Senden and son ready to tackle Queensland PGA - PGA of Australia

Senden and son ready to tackle Queensland PGA

If John Senden cops a bad break during the Queensland PGA Championship this week in Brisbane, turning to his caddie for sympathy may not help.

If anything, a putt that doesn’t break, a lip he doesn’t clear or a less-than-ideal lie in the rough pales in comparison to what his caddie has been through the past six years merely to carry a bag around Nudgee Golf Club.

Because Senden’s caddie this week is his 19-year-old son Jacob, who six years ago faced the fight of his life when he was diagnosed with brain cancer.

Senden is not making his first start in the Queensland PGA for more than 25 years for ceremonial purposes or to forge memories with his son he feared they would never get to share, but he has a reminder close at hand just how fortunate they are to be doing this together at all.

“There was some time back then when we didn’t know whether he was going to make it,” Senden said on Wednesday.

“Being together this week has definitely been an inspiration for me especially, and for other kids out there watching him grow over the last six years.

“He’s got stronger and stronger every year with great doctors and great medical in the US and also another couple of doctors out here in Australia.

“He’s been looking good and feeling like he needs to take it by the horns now and go and live his life.”

Having graduated from high school in Dallas, Jacob is now taking a year to experience the world before refocusing his attention on further study.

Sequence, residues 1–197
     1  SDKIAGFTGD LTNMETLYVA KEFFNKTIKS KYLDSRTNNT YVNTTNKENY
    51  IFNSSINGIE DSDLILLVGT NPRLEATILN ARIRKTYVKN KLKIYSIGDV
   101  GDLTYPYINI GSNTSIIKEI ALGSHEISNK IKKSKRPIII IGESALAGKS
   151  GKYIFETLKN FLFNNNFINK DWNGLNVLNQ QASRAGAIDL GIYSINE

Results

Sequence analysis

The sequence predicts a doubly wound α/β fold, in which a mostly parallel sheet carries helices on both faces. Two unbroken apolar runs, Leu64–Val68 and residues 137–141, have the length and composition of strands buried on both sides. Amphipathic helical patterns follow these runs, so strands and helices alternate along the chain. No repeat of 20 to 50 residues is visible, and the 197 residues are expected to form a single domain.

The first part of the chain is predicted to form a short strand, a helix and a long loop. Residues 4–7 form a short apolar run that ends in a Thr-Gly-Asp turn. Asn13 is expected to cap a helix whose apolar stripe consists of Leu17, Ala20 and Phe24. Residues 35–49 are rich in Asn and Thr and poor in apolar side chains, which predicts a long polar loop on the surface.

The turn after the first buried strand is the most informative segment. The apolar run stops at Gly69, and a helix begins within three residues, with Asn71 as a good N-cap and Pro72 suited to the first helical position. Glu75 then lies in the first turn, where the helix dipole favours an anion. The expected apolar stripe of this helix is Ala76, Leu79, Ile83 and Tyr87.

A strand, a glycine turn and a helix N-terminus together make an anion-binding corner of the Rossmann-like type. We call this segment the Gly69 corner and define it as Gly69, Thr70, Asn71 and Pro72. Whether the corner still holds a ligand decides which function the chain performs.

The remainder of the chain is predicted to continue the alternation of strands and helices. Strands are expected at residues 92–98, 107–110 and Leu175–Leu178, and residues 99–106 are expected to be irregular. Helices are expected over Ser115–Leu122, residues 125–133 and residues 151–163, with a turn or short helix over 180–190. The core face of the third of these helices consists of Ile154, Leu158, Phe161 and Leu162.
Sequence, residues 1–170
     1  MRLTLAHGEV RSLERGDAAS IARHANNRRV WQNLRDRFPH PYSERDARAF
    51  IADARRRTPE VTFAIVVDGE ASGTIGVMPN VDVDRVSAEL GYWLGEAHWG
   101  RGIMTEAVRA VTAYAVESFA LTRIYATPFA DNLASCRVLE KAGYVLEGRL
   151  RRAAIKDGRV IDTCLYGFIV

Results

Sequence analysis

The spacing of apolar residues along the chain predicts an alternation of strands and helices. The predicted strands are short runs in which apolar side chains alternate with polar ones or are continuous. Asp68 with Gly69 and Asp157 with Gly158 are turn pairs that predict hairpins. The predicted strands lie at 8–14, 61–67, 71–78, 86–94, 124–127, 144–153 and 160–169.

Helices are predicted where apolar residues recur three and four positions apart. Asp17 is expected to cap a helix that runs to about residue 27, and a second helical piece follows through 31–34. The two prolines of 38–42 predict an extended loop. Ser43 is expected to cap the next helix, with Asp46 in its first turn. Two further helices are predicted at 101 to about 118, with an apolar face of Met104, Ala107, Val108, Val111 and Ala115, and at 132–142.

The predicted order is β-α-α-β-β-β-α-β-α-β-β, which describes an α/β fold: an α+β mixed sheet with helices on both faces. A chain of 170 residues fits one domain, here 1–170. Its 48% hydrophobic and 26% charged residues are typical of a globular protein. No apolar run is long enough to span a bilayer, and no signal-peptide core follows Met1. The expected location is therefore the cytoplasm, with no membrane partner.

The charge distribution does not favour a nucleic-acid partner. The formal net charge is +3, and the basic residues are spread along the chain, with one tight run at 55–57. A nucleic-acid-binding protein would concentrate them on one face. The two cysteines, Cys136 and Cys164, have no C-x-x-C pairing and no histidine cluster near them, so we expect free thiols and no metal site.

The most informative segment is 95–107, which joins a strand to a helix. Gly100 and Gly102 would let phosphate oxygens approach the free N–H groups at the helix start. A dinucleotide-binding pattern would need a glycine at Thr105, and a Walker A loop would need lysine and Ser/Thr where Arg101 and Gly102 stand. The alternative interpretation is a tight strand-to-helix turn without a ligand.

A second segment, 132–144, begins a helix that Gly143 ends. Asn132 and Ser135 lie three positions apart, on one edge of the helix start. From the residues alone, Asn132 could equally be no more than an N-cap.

With friends considering their own careers in professional golf, Jacob has not ruled out more caddieing in future but for now will lug the bag for Dad both this week and at next week’s Nova Employment Australian Senior PGA Championship.

And while he might get the odd gentle reminder from Dad about where to stand and how to proceed under certain rules, Jacob brings a unique perspective and infectious attitude that makes any poor golf shot easy to forget.

“You can either see it positively or you can see it negatively and for me, I always saw it in the positive way,” said Jacob.

“Whether it was a joke that I could have died yesterday or could die tomorrow, died and came back to life. I just made it a real build-up moment for me.

“The famous saying is with lemons make lemonade. I use lemons to make lemonade and put some extra sugar in to spice it up a bit more.”

When Jacob was first diagnosed, Senden stopped playing for the first time in his career.

In some ways he is still trying to recapture the form that he had prior to taking 18 months off but is determined to get back to his best.

He will use his career moneylist exemption on the Challenger PGA Tour of Australasia to play both the Fortinet Australian PGA Championship and ISPS HANDA Australian Open and sees the next month as a chance to play his way into form that he can take back to the Champions Tour in the US in 2024.

“I want to play as long as I want to,” said Senden, the 2006 Australian Open winner who lost the 1997 Queensland PGA in a playoff to Lucas Parsons.

“I feel like if I’m fit enough to play and the form’s good I’ll keep on trying to go out there and play with the Champions Tour guys in the US.

“I always enjoy playing in Australia. That’s something that has always been a bucket list for me, coming back to Australia and doing the job.

“I feel like the golf courses in Australia are fantastic and I love playing at home.

“Why not come out here and give it your best shot?”

The Queensland PGA Championship tees off from 6.25am AEST Thursday morning at Nudgee Golf Club.

Round 1 draw

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